• Bill Lee

    @Priced-out The same comments have been made about the SFU mountain yuppie slums created by Mr. Geller.

  • Priced out and Bill Lee. I am sure there are units purchased by investors with money from a variety of sources at both SFU and UBC, just like there are in most neighbourhoods around the region…although in these cases, the investor units are generally rented to students. But by far, the majority of the units are owner occupied and the residents enjoy a very high level of satisfaction.

  • Priced-out

    Michael: unfortunately without real data you and I can make completely opposite claims and neither of us can show we’re right.

    Unfortunately, the only people that know for sure one way or another who’s living in these units and whether they’re occupied or not is the University Neighbourhood Association, which contracted out a fairly comprehensive survey of the local residences a couple of years ago. HOwever, they have systematically ignored my requests to see the data (although they promised they would be made public when they distributed the questionnaire). To make it even more interesting, partial (and aggregated) results that they did comment on seemed to suggest that the “local” population in these developments was somewhere between 35% and 60%…

    I live here and, although I can’t say I know for sure, I have plenty of anecdotal evidence for my impressions. For example, the cashiers I spoke with at the new Save On Foods haven’t got all the shifts they expected because there simply aren’t enough customers (yet? I don’t know if this lack of business is temporary or permanent, but other shops away from the campus center have already closed and left… which doesn’t seem to suggest a vibrant and local community).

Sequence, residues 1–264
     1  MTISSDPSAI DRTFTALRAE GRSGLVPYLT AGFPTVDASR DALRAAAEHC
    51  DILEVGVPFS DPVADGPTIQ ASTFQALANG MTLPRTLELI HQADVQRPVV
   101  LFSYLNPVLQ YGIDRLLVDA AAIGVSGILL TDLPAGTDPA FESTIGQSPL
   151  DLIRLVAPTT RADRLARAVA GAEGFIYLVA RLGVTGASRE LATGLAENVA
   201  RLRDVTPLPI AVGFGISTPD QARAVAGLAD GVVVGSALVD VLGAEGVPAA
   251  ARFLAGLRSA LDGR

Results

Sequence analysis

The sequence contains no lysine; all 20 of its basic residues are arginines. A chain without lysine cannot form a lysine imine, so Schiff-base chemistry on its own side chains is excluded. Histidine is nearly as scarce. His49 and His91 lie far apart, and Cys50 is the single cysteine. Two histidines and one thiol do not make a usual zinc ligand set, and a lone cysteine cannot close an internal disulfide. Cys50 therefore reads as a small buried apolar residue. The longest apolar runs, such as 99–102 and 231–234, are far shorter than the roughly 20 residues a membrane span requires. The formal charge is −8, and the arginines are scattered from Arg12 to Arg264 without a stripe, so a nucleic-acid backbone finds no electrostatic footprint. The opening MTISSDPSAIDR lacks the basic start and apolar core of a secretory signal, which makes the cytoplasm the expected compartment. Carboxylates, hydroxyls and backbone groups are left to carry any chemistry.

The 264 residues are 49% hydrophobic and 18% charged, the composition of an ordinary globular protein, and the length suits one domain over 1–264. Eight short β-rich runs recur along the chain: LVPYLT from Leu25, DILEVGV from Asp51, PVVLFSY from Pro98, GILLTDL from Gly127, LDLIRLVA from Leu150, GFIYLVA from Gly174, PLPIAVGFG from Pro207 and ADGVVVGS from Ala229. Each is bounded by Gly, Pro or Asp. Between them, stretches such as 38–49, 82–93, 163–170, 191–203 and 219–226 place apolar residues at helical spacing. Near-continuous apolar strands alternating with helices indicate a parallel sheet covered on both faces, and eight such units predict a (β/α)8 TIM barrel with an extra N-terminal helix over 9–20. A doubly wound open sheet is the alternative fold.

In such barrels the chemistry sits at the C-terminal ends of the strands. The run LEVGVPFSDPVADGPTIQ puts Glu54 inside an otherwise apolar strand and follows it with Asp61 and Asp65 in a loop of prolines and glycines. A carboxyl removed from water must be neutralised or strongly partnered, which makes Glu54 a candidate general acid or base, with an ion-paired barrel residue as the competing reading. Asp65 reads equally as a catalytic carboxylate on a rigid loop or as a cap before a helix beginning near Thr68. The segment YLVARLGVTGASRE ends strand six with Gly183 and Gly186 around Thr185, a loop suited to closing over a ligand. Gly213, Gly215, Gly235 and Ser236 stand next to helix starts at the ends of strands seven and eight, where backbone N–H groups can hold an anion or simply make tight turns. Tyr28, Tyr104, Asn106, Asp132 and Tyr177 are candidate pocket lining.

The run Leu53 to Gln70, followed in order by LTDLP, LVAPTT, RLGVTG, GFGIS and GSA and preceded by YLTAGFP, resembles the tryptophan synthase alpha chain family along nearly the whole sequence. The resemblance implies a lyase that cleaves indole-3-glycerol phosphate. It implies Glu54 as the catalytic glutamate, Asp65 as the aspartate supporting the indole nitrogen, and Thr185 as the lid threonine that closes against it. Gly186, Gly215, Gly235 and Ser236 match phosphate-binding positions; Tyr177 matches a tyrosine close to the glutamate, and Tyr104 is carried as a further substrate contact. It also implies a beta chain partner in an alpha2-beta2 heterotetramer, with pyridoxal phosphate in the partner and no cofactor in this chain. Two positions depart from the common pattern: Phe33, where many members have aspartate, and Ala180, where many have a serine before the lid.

So, until we see the numbers, all we have is just our own biased opinions as to what is going on here.

  • @Bill Lee: In the early stages of development at SFU, there were a very large number of suites sold to investors. At the time there were few services up here and it felt a little “vacant”

    To call SFU’s development Univercity at “yuppie Slum” paints an image that doesn’t represent the feelings of the owners here.

    The past three years living here we have all known we were early in the curve, and we are now seeing the value in being here early. The new Nesters Market is now open, we’re seeing some wonderful public art installations popping up, there are outdoor music and cultural events in the summer, micro farmers markets, some affordable and good eateries, great public transit, clean air, miles of walking trails in a pristine forest conservation area – all in an eco density neighbourhood that encourages interaction between residents – hardly a slum.

    There’s a new elementary school opening in September that has a focus on greener living, and will have some wonderful programs:

    “The district hopes to develop partnerships with SFU faculty members, particularly the education faculty, to engage with the elementary’s students, as well as provide space at the school for community programs run by Burnaby’s parks and recreation department”
    (Wanda Chow – Burnaby Newsleader Feb 19 2010)

    Univercity at Simon Fraser University is getting attention around the world and has one many awards ( video: ).

    The SFU Community Trust’s President Gordon Harris and his team are doing a great job of moving Mr. Geller’s legacy forward and creating a true sustainable neighbourhood.

    Drop by sometime – I think you’ll change your view.